The paper is the successful continuation of a long-standing collaboration between the Grinevich and Schwarz labs that resulted already in a series of interesting publications.
Tang Y, Benusiglio D, Lefevere A, Hilfiger L, Althammer F, Bludau A, Hagiwara D, Baudon A, Darbon P, Schimmer J, Kirchner MK, Roy RK, Wang S, Eliava M, Wagner S, Oberhuber M, Conzelmann KK, Schwarz MK, Stern JE, Leng G, Neumann I, Charlet A, Grinevich V. (2020) Social tough promotes inter-female communication via activation of oxytocin parvocellular neurons. Nature Neurosci. online!
The neuropeptide oxytocin promotes social interaction through gentle touch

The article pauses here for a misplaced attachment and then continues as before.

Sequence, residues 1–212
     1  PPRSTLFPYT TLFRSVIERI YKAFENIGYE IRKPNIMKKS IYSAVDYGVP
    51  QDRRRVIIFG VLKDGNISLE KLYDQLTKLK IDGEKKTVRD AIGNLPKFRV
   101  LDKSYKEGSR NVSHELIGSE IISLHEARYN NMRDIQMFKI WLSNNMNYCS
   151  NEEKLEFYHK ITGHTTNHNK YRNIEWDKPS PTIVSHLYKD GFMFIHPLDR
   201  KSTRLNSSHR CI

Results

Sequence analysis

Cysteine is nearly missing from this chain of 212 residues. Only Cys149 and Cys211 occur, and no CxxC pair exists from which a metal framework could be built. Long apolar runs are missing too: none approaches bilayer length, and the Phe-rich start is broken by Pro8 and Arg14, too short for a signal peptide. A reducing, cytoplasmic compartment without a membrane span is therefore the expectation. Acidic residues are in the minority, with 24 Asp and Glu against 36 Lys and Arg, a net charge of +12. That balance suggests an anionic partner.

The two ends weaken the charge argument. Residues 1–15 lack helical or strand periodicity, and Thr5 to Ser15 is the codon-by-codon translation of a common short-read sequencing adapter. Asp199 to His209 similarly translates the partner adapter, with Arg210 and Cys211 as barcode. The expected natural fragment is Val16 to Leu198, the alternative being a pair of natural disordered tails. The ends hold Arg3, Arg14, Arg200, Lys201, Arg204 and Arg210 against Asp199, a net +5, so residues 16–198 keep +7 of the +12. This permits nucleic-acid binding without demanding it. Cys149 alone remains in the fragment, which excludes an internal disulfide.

From the softest caress to the harshest blow, touch lies at the heart of our sensory experience of the world and shapes the way we perceive it, especially during intimate interactions with other humans. The sense of touch is one of the central forms of perceptual experience, although it has often been overshadowed by vision in philosophy, scientific research and psychology. During evolution, vertebrates developed a plethora of sophisticated sensory systems, which represented a clear evolutionary advantage and entailed that higher mammals were able to discriminate between pain, moderate and gentle forms of touch. As social touch is a prerequisite for intimacy and of paramount importance for the formation of trust-based relationships, various forms of gentle touch, grooming and caressing can be observed throughout the mammalian kingdom including rodents, felines, canines and primates. The establishment and maintenance of social hierarchies are modulated by various chemicals in the brain. During the last decade, one molecule has emerged as one of the key players: the neuropeptide oxytocin. Oxytocin not only facilitates birth and lactation, but actively fine-tunes the brain to modulate emotions, sexual intercourse, pair bonding and parental behavior. However, how exactly oxytocin promotes these prosocial behaviors and what triggers the actual release of the neuropeptide remained a mystery. This question has now been tackled by an international collaboration of research teams from Germany, France, Israel, the USA, and the United Kingdom, which performed the first-ever electrophysiological recording of individual oxytocin neurons in freely moving female rats and demonstrated that oxytocin neurons were specifically activated upon physical touch. The article, which has been published in the journal Nature Neuroscience(Tang, Benusiglio, Lefevre, Hilfiger et al., published online 27.7 2020), revealed that a small population of oxytocin neurons, so called parvocellular oxytocin neurons, are responsible for the translation of sensory signals from the body into various forms of social interactions. The authors applied a variety of advanced techniques to show that the activation of these few parvocellular neurons induces subsequent excitation of much larger population of oxytocin cells and, in turn, promotes inter-female communications. These findings provide fundamentally new insights into how the neuropeptide orchestrates social behavior. Furthermore, the results obtained in this work support a vision on oxytocin as a powerful agent to treat mental disorders: a combination of sensory body stimulation (for example, via huddling or massage) and intranasal oxytocin administration might synergistically mitigate socio-emotional alterations in humans afflicted with mental diseases, such as autism spectrum disorder and posttraumatic stress disorder.
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